In the past I enjoyed the Camphill-inspired ‘curative homes’ for people with disabilities. I appreciated the stabilising daily and seasonal rhythms, the wholesome food, and the odd mix of conservative and bohemian staff. Then there were the hippy communes that were utterly unlike those I’d been led to expect. Clothes optional yes, slacking and drugging, no. They were disciplined, creative and ahead of the curve in terms of tiny homes and eco living; super smart people who felt confined elsewhere. Some of my highest natural highs and most cringeworthy behaviours happened there. And then there were the share houses, the urban cult, the community gardens, mental health support groups and even the youth hostel in northern NSW where everyone was welcomed, had chores, and felt appreciated for their own special brand of humanity.

All of these experiences were watered by observations made in the book. Values and ideals that I rarely hear these days were outlined and examined and held up against his own experiences. I didn’t even know that I’d needed that. And blimey, he can write!

If it had been written by Francesca or a female participant, well, it would have that added perspective. In some ways it was a very white male book. He skipped over some crucial aspects that someone else might have elaborated on. That said, there was nothing that made me think, “oh dude, no.” And yes, I do say that often, lol.

So I now recommend A Place of Refuge by Tobias Jones, (2015) to you. I would love to hear what you think.

The changing texture of feelings

The Lego blocks of my feelings have increased in size. They’re easier to deal with in these big hands of mine, however I’ve lost the ability to easily notice and articulate the finer details.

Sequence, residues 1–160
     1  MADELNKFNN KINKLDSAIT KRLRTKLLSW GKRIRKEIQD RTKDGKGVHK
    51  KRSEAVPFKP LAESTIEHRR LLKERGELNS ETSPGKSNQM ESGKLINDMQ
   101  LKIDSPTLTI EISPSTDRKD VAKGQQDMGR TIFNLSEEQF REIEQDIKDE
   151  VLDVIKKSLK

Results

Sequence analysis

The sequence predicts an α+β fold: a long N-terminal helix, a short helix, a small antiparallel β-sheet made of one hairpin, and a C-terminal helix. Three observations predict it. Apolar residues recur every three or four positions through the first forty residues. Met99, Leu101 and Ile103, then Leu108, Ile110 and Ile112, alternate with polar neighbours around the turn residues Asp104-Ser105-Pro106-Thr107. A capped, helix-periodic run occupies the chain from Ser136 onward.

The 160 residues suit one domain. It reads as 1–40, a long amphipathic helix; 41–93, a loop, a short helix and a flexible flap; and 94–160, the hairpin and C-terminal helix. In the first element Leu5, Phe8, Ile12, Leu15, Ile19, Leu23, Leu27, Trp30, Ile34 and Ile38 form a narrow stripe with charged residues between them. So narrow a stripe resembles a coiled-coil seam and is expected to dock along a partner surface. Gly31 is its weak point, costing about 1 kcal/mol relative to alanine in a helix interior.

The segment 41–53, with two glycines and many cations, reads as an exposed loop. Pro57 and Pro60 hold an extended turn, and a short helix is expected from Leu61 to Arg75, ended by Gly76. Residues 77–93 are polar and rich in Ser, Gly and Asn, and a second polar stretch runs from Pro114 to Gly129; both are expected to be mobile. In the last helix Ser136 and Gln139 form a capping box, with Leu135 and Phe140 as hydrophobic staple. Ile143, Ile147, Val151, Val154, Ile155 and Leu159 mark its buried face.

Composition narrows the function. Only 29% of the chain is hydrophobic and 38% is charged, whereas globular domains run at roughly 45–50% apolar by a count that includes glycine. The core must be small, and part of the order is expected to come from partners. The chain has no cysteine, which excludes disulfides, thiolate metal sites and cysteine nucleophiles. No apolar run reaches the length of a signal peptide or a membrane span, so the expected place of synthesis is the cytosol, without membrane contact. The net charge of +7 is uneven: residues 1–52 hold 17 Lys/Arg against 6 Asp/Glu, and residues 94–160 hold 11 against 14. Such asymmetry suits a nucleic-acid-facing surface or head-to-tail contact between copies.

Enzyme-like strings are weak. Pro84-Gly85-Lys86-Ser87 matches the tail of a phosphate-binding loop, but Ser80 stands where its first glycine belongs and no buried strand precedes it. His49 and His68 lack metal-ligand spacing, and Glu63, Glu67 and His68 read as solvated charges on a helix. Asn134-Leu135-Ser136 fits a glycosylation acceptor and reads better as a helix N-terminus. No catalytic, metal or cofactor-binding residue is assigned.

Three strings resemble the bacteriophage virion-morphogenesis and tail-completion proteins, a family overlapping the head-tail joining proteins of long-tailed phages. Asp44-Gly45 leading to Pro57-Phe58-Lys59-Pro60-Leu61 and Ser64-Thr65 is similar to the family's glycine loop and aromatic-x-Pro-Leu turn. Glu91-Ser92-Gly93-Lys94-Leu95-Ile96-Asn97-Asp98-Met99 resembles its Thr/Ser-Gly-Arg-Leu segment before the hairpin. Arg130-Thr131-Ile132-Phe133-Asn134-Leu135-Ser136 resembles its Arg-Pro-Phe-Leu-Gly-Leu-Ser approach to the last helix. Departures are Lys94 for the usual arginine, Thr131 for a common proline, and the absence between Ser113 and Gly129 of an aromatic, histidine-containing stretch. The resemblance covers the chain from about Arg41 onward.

That’s the summary of my much longer ramble, now deleted. (Whew!)

Today I was reading things from my Transition File. It’s a jumbled mess, like the shoe box a disorganised person might hand to their accountant. All the shame and confusion and excitement were in mediation and this mess was the compromise. Shame wanted me to throw things out, confusion wanted me to sort things out, and excitement just wanted to start living my new life now, man! No looking back!

In the protracted, pre-transition therapy period, we discussed testosterone’s magic powers. I was given a list of the usual permanent and semi-permanent bodily changes, such as body fat redistribution and facial hair growth. We talked about emotional changes that usually happen during puberty, which would be my second puberty – moodiness, for instance. I was told that some people experience an inability to cry, or a blunting of emotion.

It’s hard to know which side effects you’ll get in some cases – receding hairlines depend on your maternal gene pool, for instance, and it’s hard to tell just how you’ll cope if/when it happens. I’m doing ok with that side of things, as it happens, thanks for asking. I never cared much for haircuts.

Emotional changes are more tricky. My culture doesn’t promote emotional literacy anyway, but my family of origin tended to ridicule any emotion that didn’t fit narrow parameters, so I have a fair amount of shame around feeling any sort of feelings. Add that to the newly minted male conditioning I’m encountering around emotions and the expression of such, and I’m finding it tricky. I want to talk, I don’t want to talk. I grunt instead. I understand what’s happening and I’m confused.